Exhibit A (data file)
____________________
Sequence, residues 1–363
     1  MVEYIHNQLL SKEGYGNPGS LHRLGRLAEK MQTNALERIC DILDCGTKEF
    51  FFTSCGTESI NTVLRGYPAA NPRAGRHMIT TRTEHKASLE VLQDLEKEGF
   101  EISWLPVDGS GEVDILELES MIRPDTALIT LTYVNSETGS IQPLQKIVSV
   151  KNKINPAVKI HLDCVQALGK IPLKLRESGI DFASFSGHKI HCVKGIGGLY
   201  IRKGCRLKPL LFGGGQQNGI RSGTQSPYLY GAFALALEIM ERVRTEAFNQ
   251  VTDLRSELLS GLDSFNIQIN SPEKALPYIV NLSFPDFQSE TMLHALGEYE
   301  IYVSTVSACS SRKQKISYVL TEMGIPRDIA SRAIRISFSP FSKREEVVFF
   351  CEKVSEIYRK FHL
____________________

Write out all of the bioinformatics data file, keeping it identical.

Sequence, residues 1–363
     1  MVEYIHNQLL SKEGYGNPGS LHRLGRLAEK MQTNALERIC DILDCGTKEF
    51  FFTSCGTESI NTVLRGYPAA NPRAGRHMIT TRTEHKASLE VLQDLEKEGF
   101  EISWLPVDGS GEVDILELES MIRPDTALIT LTYVNSETGS IQPLQKIVSV
   151  KNKINPAVKI HLDCVQALGK IPLKLRESGI DFASFSGHKI HCVKGIGGLY
   201  IRKGCRLKPL LFGGGQQNGI RSGTQSPYLY GAFALALEIM ERVRTEAFNQ
   251  VTDLRSELLS GLDSFNIQIN SPEKALPYIV NLSFPDFQSE TMLHALGEYE
   301  IYVSTVSACS SRKQKISYVL TEMGIPRDIA SRAIRISFSP FSKREEVVFF
   351  CEKVSEIYRK FHL